Usual disclaimers apply.

Kid Quixote

Heyes knew he shouldn't eavesdrop but sometimes the Kid went too far. What in tarnation did he think he was doing – drawing such attention to himself? The whole day had been a disaster, just one damned thing after another. First Silky hadn't shown with the money he owed them and then the hotel had been full. The reason for Shrevetown's lack of beds had soon become patently clear. Just a little matter of a Texas Rangers' reunion . . . and Silky had neglected to tell them.

Heyes scowled. Trust Silky to choose the one town on the border to be hosting such an outlandish thing. If he was more of a suspicious man, he might suspect a nefarious purpose. Nefarious. Heyes rolled the word around on his tongue and decided he rather liked it. He'd recently read it in a book by Charles Dickens and saved it up to baffle the Kid.

Kid. Which neatly returned him to the subject in question and brought a frown back to his face. Just when they needed to keep their heads down, the Kid had to go and play hero. Heyes sighed out loud. When Kid got a notion into his head, he could be the most downright stubborn . . . the most ornery . . .

Heyes was brought to mind of another book. Don Quixote, that was it. The Kid was sometimes like Don Quixote, tilting his six-gun at imaginary windmills and a sucker for anything that walked with a wiggle. Mind you, it tended to go both ways. Heyes had never seen anything quite like it. From the moment he'd entered the mortal world and opened those big blue eyes, the women-folk had plum adored Jed Curry.

And that was the root of the problem today. In-front of the whole, darn town. In-front of the Sheriff and a dozen Texas Rangers, Kid Quixote had come across a windmill. Well, Heyes sighed heavily again. It hadn't been so much of a windmill, more of a runaway buckboard. And of course, a fair maiden had been crossing the street right in its very path.

Next thing Heyes knew, the Kid was gone. Just like that, in the blink of an eye. In a flurry of speed and melodramatic heroics, he was in the street pushing her clear. It still made Heyes sickly to think of it. All those crashing hooves and splintering wood. When he'd plucked up the courage to open his eyes, his worst fears had been confirmed. Kid Quixote had saved the damsel all right, but the windmill had fallen down around his ears.

So much for remaining anonymous. May as well have struck up the band. All the fussing and screaming made Heyes cringe to think of it - and then there was the newspaper man. That had given him a nasty shock and probably knocked years off his life. What with all the flash-bulbs and excitement, Heyes had received quite a fright.

And where was the Man of La Mancha - or rather the man of Devil's Hole?

Trust Kid to sleep right through it, Heyes wondered if he did it on purpose. That way, he got out of any consequences and left Heyes to clear up the mess. Probably did do it on purpose, Heyes pondered, disgruntledly. Figured if he looked all pale and bruised-up, it might just get him off the hook. And he certainly had looked pale and bruised. Sort of bluish in colour, round the lips. Typical Kid to play up to the crowd and attract all the female attention. A knight in shining armour – Heyes gave a snort of disgust.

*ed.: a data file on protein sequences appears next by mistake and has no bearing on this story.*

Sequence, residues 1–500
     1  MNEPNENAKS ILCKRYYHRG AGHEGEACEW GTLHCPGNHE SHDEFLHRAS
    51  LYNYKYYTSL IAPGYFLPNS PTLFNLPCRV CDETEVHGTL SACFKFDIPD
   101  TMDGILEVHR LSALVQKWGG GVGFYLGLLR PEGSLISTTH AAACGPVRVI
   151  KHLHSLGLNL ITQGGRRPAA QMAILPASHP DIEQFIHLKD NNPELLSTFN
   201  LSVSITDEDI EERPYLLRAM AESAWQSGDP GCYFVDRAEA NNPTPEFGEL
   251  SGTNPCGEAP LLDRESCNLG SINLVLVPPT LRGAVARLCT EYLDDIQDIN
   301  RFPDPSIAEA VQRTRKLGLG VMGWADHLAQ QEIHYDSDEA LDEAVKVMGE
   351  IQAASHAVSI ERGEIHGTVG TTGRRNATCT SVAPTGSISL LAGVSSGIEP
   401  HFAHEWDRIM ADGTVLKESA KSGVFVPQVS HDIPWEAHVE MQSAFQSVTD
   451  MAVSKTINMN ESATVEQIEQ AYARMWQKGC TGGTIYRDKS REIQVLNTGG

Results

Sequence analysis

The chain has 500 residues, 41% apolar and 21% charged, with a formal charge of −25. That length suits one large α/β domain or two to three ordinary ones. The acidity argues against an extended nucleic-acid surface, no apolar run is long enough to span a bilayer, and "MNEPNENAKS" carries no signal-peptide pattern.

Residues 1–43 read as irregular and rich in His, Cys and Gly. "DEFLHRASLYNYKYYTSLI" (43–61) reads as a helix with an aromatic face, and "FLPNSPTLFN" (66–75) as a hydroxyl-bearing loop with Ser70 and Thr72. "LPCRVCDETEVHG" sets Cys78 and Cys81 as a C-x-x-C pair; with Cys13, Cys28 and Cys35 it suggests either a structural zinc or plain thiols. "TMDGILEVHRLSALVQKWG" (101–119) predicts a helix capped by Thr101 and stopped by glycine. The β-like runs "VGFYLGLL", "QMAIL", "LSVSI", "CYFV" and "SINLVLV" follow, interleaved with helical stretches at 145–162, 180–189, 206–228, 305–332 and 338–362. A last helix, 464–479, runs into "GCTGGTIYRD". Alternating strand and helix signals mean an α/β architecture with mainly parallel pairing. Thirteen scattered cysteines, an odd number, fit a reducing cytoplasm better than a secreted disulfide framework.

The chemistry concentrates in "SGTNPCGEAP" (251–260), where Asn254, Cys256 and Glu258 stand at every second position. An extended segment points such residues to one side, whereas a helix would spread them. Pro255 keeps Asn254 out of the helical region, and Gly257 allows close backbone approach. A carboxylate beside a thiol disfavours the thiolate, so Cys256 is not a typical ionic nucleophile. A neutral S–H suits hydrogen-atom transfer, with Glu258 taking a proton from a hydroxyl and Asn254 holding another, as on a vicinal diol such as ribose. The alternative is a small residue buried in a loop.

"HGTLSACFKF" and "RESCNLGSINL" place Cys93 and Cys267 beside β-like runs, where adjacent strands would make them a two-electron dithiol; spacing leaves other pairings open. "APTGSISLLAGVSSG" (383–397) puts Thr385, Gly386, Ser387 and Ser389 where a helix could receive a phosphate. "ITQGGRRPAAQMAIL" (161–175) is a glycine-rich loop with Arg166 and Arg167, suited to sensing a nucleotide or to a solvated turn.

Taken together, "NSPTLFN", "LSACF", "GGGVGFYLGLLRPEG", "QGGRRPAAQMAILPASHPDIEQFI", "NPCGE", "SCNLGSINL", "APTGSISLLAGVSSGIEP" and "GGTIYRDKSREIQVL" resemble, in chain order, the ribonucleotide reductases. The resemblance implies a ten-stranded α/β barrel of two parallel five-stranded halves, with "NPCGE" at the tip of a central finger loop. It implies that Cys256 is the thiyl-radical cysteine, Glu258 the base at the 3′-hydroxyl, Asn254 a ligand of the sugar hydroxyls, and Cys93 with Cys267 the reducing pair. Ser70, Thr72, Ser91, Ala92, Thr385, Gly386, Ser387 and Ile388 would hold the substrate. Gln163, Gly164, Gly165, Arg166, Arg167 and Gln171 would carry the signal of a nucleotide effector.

'What good was a suit of shining armour if 'said' knight got it covered in dents?'

"Mister Smith?"

Damnation – he'd been thinking too hard. Kid was always grumbling and going on to him about that. He'd almost missed what the Doc had been saying; good thing the Kid hadn't seen it. He would never live it down.

" . . . awake now, but very sleepy. Suffering from a mild concussion. No excitement or exertion now, he needs a good night's rest."

Well, it could have been worse. Heyes sucked in his breath and prepared to deliver a stern lecture. There would be no more tilting at windmills. No more taking of unnecessary risks. It was time Kid discarded these darn fool notions of chivalry which might get him killed one day. Heyes was full of self-righteous purpose as he marched into the dimly-lit room. Kid had to learn it was downright selfish. He couldn't always rely on Heyes to bail him out.

"Thaddeus, it's time you and me had a talk . . ."

Typical. It was typical. The Kid was lying peacefully asleep. Heyes could see he was still cultivating the pale and interesting look, no doubt for the benefit of the yellow-haired nurse who'd been assisting the Doc with him earlier. The purple bruises helped, of course. She'd soon be eating out of his hand. Heyes looked longingly at the over-stuffed chair. He was suddenly, utterly exhausted. He sat down by the bedside and watched the Kid breathe. The lecture could wait until morning. He pulled up the blankets in case Kid felt cold. Kid hated cold, he was always complaining . . .

Kid Quixote, the knight in tarnished armour. Did that mean he was Sancho Panza? It figured. If it wasn't for his savvy with people and money, Kid and him would be starved or dead by now. Heyes felt his eyelids slipping; he laid his head down on the side of the bed. All this tilting at windmills could get pretty tiring . . . a body shouldn't have to do it alone . . .

The End.

Lisa Paris – 2005